Wednesday, December 20, 2017

Three Pianists and Four Strings at the Eden-Tamir Music Center, Ein Kerem, Jerusalem

Dima Pocitari,Dror Semmel,Nitzan Ben Canetty,Ron Trachtman,Gili Radian-Sade,Michael Zertsekel,Gal Nyska   Photo: Guy Sepak

One of the most unique ensembles in Israel is the three-piano combination of Dror Semmel, Michael Zertsekel and Ron Trachtman. Their latest performance “Three Pianos and Four Strings” took place to a full hall at the Eden-Tamir Music Center, Ein Kerem (Jerusalem) on December 16th 2017. As the title implies, they were joined by a string quartet for this concert - violinists Dima Pocitari and Nitzan Ben Canetty, violist Gili Radian-Sade and ‘cellist Gal Nyska - all young, all soloists and all members of the Israel Philharmonic Orchestra.

The concert opened with J.S.Bach’s Concerto for Two Harpsichords in C-major BWV 1061, played by Ron Trachtman, Michael Zertsekel and the string quartet. Probably Bach’s only harpsichord concerto not originating as a transcription from other instruments, the first version was for two unaccompanied keyboards. The addition of orchestral parts would be assumed not to be that of Bach as the orchestra adds very little to the dialogue. Tension and contrast are essential to a concerto, but in this case the keyboard instruments play less "against" the orchestra than they do against each other in an antiphonal manner.  Discussion of playing a Bach concerto on historical instruments or not is irrelevant here...or is it?   Hearing it at the Eden-Tamir Center (and at close range) obliges any authentic movement purists in the audience to listen objectively and re-evaluate the flexibility of Bach’s music. What was rewarding in this performance was the fine, carefully-balanced and living sound, sensitive support on the part of the string-players and forthright, complementing and mirroring of the pianos, with bold and direct tutti moments always preserving a richly cushioned sound. Trachtman and Zertsekel gave the Adagio (2nd movement) a delicate reading, offering clarity of contrapuntal layers and some ornamentation.

W.A.Mozart’s Concerto in F-major K.242 (1776) was originally written for three pianos. It is sometimes referred to as the “Lodron” Concerto due to the fact that it was commissioned by Countess Antonia Lodron (hostess to Salzburg’s leading musical salon) to be played by her two daughters, Aloysia and Giuseppa. The part for the younger Giuseppa is less demanding. When Mozart himself eventually played this concerto in 1780, in one of his last public performances in Salzburg, he rearranged it for two pianos, a version that makes greater demands on the soloists. This was the version played by Semmel,Trachtman and the string quartet at the Ein Kerem concert. Although Alfred Einstein in his Mozart biography looks down his nose at “the purely galant Concerto”, there is no denying that at barely twenty years of age, Mozart was capable of writing a full-blown concerto. As opposed to the Bach C-major Concerto, the strings here indulge in much more melodic material. Semmel and Trachtman delighted the audience in their dialogue of precise, clean Classical fingerwork, their attention to each nuance and its transparency of sound never clouded by over-abundant use of the sustaining pedal. The performance reflected Mozart’s sunny temperament, his particular brand of humane, cantabile expression and the practice of creating small transitions.  Despite the lack of oboe- and horn timbres of Mozart’s scoring, the performance made for delightful listening.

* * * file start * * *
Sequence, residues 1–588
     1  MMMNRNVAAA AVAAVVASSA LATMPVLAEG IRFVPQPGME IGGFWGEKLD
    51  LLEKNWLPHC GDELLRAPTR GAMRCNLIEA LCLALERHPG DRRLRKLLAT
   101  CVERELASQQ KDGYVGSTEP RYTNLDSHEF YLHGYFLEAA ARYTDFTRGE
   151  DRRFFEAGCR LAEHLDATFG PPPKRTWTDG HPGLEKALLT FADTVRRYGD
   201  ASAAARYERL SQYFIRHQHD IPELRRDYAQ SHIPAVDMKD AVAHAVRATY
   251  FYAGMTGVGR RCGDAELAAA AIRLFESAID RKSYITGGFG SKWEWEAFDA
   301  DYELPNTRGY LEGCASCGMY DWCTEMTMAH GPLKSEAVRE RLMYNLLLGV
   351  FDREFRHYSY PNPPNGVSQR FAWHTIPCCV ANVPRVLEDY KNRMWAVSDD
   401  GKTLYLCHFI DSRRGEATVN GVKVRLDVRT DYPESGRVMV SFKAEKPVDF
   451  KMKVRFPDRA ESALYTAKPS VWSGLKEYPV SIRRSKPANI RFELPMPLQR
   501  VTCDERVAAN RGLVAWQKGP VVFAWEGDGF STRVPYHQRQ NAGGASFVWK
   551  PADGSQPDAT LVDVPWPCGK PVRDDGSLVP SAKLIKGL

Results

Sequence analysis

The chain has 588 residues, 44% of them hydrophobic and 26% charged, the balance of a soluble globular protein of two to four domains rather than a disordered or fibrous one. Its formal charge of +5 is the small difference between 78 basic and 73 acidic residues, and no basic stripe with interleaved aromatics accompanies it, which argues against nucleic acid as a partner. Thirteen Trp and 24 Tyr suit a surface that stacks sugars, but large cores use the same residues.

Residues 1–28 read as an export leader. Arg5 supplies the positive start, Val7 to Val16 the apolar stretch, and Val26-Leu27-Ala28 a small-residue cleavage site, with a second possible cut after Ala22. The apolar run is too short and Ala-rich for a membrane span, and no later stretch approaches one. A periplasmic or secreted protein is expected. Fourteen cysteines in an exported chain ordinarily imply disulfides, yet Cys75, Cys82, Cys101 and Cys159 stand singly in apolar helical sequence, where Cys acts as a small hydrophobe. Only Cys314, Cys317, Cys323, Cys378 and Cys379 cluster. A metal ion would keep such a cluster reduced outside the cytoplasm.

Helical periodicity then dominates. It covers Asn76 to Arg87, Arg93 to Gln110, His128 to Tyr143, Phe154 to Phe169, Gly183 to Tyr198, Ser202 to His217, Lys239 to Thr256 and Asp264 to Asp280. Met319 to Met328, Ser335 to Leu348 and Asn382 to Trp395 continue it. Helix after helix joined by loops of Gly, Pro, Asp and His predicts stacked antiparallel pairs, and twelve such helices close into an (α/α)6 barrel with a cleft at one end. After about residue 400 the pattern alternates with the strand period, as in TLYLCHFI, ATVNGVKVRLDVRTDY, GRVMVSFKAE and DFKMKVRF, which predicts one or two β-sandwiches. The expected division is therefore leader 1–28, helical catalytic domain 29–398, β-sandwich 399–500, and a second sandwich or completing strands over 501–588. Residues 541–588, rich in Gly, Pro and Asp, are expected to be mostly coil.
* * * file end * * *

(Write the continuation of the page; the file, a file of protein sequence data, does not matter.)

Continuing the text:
Following the intermission,  the string quartet performed Joseph Haydn’s String Quartet in D-major op.20/4. Opus 20, Haydn’s six  “Sun” quartets, represents an unprecedented flowering of his string quartet writing, now straddling styles and ideas and drawing on the furthest reaches of his musical imagination. Led securely by Moldavian-born Dima Pocitari, the IPO players,  highlighted Haydn’s richness of ideas, temperament and contrasts of mood in incisive playing. The second movement was given an expressive reading, with Pocitari adding his own poignant personal touch on the repeat of the Adagio. The zesty, syncopated gypsy-style Minuet,  with its ‘cello solo, a testimony to  the composer's many excursions into the area of folk music, was followed by the virtuosity and pizzazz of the final Presto movement.

Johann Sebastian Bach composed his Concerto for Three Harpsichords and orchestra BWV 1603 in the key of D minor some time  between 1735 and 1745. It was only first published in 1846. As with almost all of J.S. Bach's harpsichord concertos, it has been speculated to be based on an existing concerto for a melodic instrument. However, the source for this concerto is still unknown. It is also said that Bach's sons may have been involved in the work’s composition, or at least in its performance. The artists at the Jerusalem concert were quick to draw the audience into the ebullient musical agenda of  the opening movement, their hearty playing of its wonderfully complex musical tapestry carefully delineated. Following the long, silken melodic lines of the  tranquil, chromatic Alla Siciliana, with the solo lines handed from one pianist to another, the demanding, the vibrant  Allegro had each pianist dueting with the ‘cello (Gal Nyska). Sensing the idea of camaraderie in such a performance, it was not difficult to imagine Bach and his  two eldest sons, Wilhelm Friedemann and Carl Philip Emmanuel, in joyful domestic music-making.

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